17. ^ Caretta, JV; Forney, KA; Muto, MM; Barlow, J; Baker, J; Hanson, J; Lowry, MS (2006). "U.S.Pacific marine mammal stock assessments: 2005". NOAA Technical Memorandum NMFS-SWFSC-388.
  18. ^ Barlow, J (2016). "Cetacean abundance in the California current estimated from ship-based line transect surveys in 1991-2014". NOAA Southwest Fisheries Science Center Administrative Report LJ-2016-01.
  19. ^ Angliss, RP; Outlaw, RB (2005). "Alaska marine mammal stock assessments". NOAA Technical Memorandum NMFS-AFSC.
  20. ^ Muto, M; Helker, VT; Angliss, RP; Allen, BA; Boveng, PL; Breiwick, JM; Cameron, MF; Clapham, P; Dahle, SP; Dahlheim, ME; Fadley, BS (2017). "Alaska marine mammal stock assessments, 2016". NOAA Technical Memorandum NMFS-AFSC-355.
  21. ^ Williams, R; Thomas, L (2007). "Distribution and abundance of marine mammals in the coastal waters of British Columbia, Canada". Journal of Cetacean Research and Management. 9: 15–28.
  22. ^ a b c d Kasuya, T (2017). Small Cetaceans of Japan: Exploitation and Biology. CRC Press. ISBN 9781498779005.
  23. ^ a b International Whaling Commission (1998). "Report of the scientific committee". Report of the International Whaling Commission. 48: 53–302.
  24. ^ Reeves, RR; Smith, BD; Crespo, EA; Notarbartolo di Sciara, G (2003). "Dolphins, Whales and Porpoises: 2002-2010 2002-2010 Conservation Action Plan for the World's Cetaceans". IUCN, Gland, Switzerland and Cambridge, UK.
  25. ^ Hobbs, RC; Jones, LL (1993). "Impacts of high seas driftnet fisheries on marine mammal populations in the North Pacific". International North Pacific Fisheries Commission Bulletin. 53 (3): 409–434.
  26. ^ International Whaling Commission (1991). "Report of the scientific committee". Report of the International Whaling Commission. 41: 51–219.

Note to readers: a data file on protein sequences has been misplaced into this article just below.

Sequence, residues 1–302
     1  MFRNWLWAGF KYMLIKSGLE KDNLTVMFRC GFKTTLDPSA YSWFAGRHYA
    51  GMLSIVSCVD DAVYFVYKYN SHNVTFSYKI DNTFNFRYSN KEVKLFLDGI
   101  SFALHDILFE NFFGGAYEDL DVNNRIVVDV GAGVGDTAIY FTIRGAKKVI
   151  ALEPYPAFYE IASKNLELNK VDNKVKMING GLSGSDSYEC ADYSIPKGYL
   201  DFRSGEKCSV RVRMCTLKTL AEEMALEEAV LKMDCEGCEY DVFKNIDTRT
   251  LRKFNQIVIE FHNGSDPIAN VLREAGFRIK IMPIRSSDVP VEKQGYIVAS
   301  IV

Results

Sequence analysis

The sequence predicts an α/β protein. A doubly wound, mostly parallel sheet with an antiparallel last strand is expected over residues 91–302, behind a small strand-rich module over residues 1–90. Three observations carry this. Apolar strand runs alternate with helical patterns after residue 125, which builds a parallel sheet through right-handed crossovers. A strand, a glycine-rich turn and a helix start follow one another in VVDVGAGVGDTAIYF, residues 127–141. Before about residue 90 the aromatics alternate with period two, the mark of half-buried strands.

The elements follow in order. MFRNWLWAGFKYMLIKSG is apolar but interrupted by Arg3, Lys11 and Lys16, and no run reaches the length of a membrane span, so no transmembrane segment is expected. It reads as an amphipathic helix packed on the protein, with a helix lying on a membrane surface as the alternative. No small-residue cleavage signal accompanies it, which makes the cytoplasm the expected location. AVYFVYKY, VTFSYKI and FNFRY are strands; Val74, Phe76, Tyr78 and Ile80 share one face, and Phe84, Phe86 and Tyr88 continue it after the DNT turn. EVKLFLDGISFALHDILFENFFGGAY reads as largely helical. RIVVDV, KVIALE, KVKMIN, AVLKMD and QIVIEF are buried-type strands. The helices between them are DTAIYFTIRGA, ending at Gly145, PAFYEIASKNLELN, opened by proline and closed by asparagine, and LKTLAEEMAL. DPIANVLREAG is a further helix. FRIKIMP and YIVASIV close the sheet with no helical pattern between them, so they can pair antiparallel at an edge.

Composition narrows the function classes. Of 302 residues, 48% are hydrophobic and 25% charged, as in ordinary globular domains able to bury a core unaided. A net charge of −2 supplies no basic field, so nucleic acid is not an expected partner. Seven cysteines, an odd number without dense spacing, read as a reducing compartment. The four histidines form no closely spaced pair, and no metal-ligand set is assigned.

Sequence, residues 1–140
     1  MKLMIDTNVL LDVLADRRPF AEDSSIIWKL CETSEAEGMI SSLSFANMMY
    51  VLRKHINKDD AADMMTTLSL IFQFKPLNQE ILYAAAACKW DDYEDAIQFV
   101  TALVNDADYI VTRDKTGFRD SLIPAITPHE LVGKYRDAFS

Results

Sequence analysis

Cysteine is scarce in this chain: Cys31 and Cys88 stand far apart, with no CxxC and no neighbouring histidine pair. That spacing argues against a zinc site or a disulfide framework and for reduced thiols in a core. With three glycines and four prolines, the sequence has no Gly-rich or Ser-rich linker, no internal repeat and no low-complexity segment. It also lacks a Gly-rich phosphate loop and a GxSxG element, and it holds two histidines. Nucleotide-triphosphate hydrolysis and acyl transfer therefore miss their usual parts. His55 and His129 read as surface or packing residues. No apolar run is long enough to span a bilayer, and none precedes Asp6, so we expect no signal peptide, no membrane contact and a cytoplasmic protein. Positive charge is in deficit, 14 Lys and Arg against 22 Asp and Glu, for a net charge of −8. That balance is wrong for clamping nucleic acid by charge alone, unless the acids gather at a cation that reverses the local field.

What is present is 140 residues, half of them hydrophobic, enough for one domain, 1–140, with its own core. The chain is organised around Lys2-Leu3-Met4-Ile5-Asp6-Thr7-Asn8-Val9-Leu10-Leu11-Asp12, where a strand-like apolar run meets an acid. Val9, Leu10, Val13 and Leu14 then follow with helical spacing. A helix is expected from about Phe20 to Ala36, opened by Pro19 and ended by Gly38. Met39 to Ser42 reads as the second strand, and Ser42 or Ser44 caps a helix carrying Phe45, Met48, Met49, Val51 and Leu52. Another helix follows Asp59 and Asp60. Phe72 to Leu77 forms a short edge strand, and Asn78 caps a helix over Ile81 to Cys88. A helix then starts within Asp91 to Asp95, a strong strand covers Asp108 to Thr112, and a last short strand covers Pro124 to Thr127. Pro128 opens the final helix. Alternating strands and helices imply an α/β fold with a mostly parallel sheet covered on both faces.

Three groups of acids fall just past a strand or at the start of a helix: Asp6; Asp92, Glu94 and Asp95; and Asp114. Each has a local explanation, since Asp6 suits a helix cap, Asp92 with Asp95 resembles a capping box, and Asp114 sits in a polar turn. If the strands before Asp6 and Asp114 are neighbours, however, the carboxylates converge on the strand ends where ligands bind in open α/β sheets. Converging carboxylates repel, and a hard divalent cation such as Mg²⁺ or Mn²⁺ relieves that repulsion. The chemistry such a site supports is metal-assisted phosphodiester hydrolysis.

27. ^ Burkanov, VN; Nikulin, VS (2001). "By-catch of the marine mammals at the Japanese fishing in the Russian Exclusive Economic Zone of the Bering Sea". Rybnoye Khozioaystvo-Moskva (Partnership LTD. Journal). 5: 32.
  28. ^ a b c Kasuya, T (2007). "Japanese whaling and other cetacean fisheries" (PDF). Environmental Science and Pollution Research. 14 (1): 39–48. doi:10.1065/espr2006.09.346.
  29. ^ "Phocoenoides dalli (Dall's porpoise, Dall porpoise)". The Society for Marine Mammalogy.
  30. ^ "Report of the Sub-Committee on Small Cetaceans". International Whaling Commission. 2008.
  31. ^ Wells, RS. "Letter to Japanese Government Regarding Dolphin and Small Whale Hunts". The Society for Marine Mammalogy.
  32. ^ Subramanian, A; Tatsukawa, R; Saito, S; Miyazaki, N (1987). "Reduction on the testosterone levels by PCBs and DDE in Dall's porpoises of northwestern North Pacific". Marine Pollution Bulletin. 18 (12): 643–646. doi:10.1016/0025-326X(87)90397-3.
  33. ^ Vos, JG; Bossart, GD; Fournier, M; O'Shea, TJ (2003). Toxicology of Marine Mammals. New York, NY: Taylor and Francis. ISBN 0-203-26010-4.
  34. ^ "Appendix II of the Convention on the Conservation of Migratory Species of Wild Animals (CMS). As amended by the Conference of the Parties in 1985, 1988, 1991, 1994, 1997, 1999, 2002, 2005 and 2008. Effective: 5 March 2009" (PDF). CMS.
  35. ^ U.S. Fish and Wildlife Service. "Marine Mammal Protection Act". International Affairs.

"
license
cc-by-sa-3.0
copyright
Wikipedia authors and editors
original
visit source
partner site
wikipedia EN

Dall's porpoise: Brief Summary

provided by wikipedia EN

Dall's porpoise (Phocoenoides dalli) is a species of porpoise endemic to the North Pacific. It is the largest of porpoises and the only member of the genus Phocoenoides. The species is named after American naturalist W. H. Dall.

" William Healey Dall's 1873 field notes on Phocoenoides from the Smithsonian Institution's Field Books collection
license
cc-by-sa-3.0
copyright
Wikipedia authors and editors
original
visit source
partner site
wikipedia EN

Habitat

provided by World Register of Marine Species
in deep waters, warm temperate to subarctic
license
cc-by-4.0
copyright
WoRMS Editorial Board
bibliographic citation
van der Land, J. (ed). (2008). UNESCO-IOC Register of Marine Organisms (URMO). IUCN (2008) Cetacean update of the 2008 IUCN Red List of Threatened Species.
Contributor
Jacob van der Land [email]

IUCN Red List Category

provided by World Register of Marine Species
Least Concern (LC)
license
cc-by-4.0
copyright
WoRMS Editorial Board
bibliographic citation
van der Land, J. (ed). (2008). UNESCO-IOC Register of Marine Organisms (URMO). IUCN (2008) Cetacean update of the 2008 IUCN Red List of Threatened Species.
Contributor
Perrin, William [email]